In 2nd grade a fellow classmate got braces. Everyone thought they were cool, probably just because they were different and no one else our age had braces yet, so they seemed to make her more ‘grown-up.’ So I told everyone I was getting braces too. They started asking me every day where my braces were, eventually figuring out I was lying. But no, no, I insisted I was going to be cool just like the other girl.
In 3rd grade I copied an excerpt from my book obsession, “Lassie.” I wrote it out by hand and brought it to my teacher and told her I found it in my grandmother’s journal from under her old bed. I said my parents wouldn’t let me bring the old journal in because it was delicate and falling apart so I had to copy it to that piece of paper. My teacher read to the class all about my grandma’s desires for a real sheep farm someday.
In 4th grade my parents took me to The American Girl Place in downtown Chicago. One of the perks offered for little American Girl doll lovers was being able to get your picture on the cover of an American Girl magazine. It wasn’t a real issue that people would find in their mailboxes, but it was a real magazine that you could hold in your hand and take home with you as a keepsake. I brought it to school and kept it in my desk and showed half my classmates. I was a model.
In 5th grade I started a journal of funny stories about my cat, Whiskers, and her adventures. I showed my teacher. When my cat wasn’t doing anything very interesting, I made stuff up. It was important to me that I contribute this little dose of humor to my teacher’s life. I thought it would make her like me more.
In 6th grade I decided I wanted a sister, so I told one of my friends that my parents were adopting one for me.
In 7th grade I wore an ear wrap around the cartilage of my left ear, and insisted it was a piercing. I didn’t even have my ears pierced at all. And I felt like I was lacking somehow because I didn’t have any holes in my body.
I guess the point is, I never thought I was good enough. No matter how much I had, no matter how much my parents gave me or did for me… No matter who I was, or what my cat did… I wasn’t good enough. I wasn’t interesting enough, fun enough, pretty enough. I fully believed I couldn’t just be accepted for who I was, so I had to take control of how others’ perceived me by painting whatever picture I thought they wanted to see.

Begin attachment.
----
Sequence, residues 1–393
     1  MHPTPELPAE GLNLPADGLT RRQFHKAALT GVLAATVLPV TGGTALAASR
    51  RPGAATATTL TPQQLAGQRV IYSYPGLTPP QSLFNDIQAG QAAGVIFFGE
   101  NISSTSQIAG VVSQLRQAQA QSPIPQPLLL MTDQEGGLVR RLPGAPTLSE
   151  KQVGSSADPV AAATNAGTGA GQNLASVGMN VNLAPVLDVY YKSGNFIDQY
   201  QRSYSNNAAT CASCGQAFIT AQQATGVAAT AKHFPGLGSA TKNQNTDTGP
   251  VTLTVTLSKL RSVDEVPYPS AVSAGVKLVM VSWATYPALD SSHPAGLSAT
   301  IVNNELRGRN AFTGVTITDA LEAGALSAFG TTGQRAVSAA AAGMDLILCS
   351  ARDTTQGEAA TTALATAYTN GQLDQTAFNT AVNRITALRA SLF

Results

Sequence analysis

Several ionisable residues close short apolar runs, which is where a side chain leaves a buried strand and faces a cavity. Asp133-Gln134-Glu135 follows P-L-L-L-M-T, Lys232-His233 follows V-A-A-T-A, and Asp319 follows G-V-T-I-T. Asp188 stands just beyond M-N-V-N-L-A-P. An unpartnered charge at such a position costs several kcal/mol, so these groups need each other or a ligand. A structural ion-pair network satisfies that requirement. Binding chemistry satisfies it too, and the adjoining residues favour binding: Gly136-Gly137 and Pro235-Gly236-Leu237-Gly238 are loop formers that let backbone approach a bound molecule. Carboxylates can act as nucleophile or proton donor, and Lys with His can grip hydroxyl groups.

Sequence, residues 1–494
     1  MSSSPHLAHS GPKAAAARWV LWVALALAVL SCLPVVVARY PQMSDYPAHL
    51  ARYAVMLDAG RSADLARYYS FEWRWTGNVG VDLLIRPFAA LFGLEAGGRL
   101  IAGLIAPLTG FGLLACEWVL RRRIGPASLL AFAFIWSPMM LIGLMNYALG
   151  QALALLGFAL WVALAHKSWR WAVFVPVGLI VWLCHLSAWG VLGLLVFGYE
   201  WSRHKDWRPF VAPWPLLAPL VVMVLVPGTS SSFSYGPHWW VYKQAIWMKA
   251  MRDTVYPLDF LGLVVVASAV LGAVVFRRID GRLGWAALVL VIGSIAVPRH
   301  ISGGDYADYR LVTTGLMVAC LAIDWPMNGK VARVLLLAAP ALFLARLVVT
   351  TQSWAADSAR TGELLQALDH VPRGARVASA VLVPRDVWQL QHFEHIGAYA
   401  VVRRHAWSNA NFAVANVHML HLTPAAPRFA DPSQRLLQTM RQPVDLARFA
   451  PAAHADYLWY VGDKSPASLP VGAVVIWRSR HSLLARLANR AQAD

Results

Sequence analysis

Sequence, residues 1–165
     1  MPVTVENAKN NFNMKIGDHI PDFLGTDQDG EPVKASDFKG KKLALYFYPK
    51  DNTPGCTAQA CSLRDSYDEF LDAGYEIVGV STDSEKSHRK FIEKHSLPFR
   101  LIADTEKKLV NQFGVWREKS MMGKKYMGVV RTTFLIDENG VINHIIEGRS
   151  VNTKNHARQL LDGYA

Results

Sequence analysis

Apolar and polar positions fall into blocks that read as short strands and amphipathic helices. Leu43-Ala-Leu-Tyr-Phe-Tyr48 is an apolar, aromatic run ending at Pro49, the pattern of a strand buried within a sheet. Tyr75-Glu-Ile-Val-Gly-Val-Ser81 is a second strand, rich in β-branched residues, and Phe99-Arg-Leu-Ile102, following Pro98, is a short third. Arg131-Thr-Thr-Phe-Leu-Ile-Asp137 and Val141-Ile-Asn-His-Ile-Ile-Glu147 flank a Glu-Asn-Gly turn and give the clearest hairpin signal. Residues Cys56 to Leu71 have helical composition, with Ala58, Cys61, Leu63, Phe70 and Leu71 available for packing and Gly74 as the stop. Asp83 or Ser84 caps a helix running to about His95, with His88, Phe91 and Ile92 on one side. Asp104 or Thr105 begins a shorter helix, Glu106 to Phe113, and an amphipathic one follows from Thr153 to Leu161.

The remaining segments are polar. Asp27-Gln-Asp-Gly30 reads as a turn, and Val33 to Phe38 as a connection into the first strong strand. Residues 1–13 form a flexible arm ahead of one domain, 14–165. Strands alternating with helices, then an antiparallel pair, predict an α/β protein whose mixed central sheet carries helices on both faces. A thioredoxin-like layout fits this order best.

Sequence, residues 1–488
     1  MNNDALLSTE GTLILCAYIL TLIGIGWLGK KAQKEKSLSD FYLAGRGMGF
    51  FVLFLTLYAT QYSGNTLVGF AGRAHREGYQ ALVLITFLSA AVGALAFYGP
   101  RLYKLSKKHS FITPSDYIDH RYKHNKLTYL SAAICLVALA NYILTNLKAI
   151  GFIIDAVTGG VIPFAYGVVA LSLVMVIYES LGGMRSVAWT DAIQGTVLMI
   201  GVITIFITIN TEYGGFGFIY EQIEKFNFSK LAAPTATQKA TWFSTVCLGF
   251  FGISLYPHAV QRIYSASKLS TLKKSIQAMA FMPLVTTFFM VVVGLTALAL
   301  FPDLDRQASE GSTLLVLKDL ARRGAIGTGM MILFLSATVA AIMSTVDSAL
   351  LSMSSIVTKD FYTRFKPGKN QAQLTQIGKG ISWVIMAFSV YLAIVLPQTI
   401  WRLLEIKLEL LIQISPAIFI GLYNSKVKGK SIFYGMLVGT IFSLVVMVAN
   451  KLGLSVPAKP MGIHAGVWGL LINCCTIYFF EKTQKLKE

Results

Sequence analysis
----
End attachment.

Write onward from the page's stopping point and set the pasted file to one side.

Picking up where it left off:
Fortunately, the process of growing up, and the help of
a little a lot of therapy, I discovered that the flaws were not in me, but in my thinking. I discovered I was wrong. I didn’t need to change the truth because the truth was enough. I was enough.
Somewhere along the line, the world feeds us the lie that we aren’t good enough and we eat it up like a delicious afternoon snack. The percentage of people we meet each day who don’t feel like they are “enough” in one way or another is alarming. We’re not pretty enough, thin enough, smart enough, strong enough, successful enough, talented enough, etc.
In this constant drive, we never appreciate the moment we are in now. We never embrace who we really are. The competition isn’t between us and someone else, it’s between who we are today and who we were yesterday. We are called to take what we have and do the best we can with it, to strive to better ourselves each day, and through that, inevitably leave a positive impact on those around us. That’s all we can ever do. Do the best with what we are given. And that is enough.
I’ve come across some people that still do what I did in grammar school, even as grown adults. For one, it saddens me. For two, it shows me that this isn’t always just some phase one will eventually grow out of. Sometimes it’s more about insecurity and a lack of self-acceptance. People don’t magically know that they were made exactly the way they are for a reason, because that’s not what the world tells us. The world tries to tell us what we are supposed to be, what we should be. But this is what God says:
For you created my inmost being; you knit me together in my mother’s womb. I praise you because I am fearfully and wonderfully made; your works are wonderful, I know that full well. My frame was not hidden from you when I was made in the secret place, when I was woven together in the depths of the earth. Your eyes saw my unformed body; all the days ordained for me were written in your book before one of them came to be.
So the whole point of this, is to tell you, in case no one ever has, that you were made for a reason and with a purpose. Your life may not look like someone else’s but you have a purpose all your own, even if you haven’t found it yet. You are beautiful, and you are loved beyond measure. The Creator of the universe, the One who placed the stars in the sky and can count every grain of sand on the beaches, knows every hair on your head and He calls YOU by name.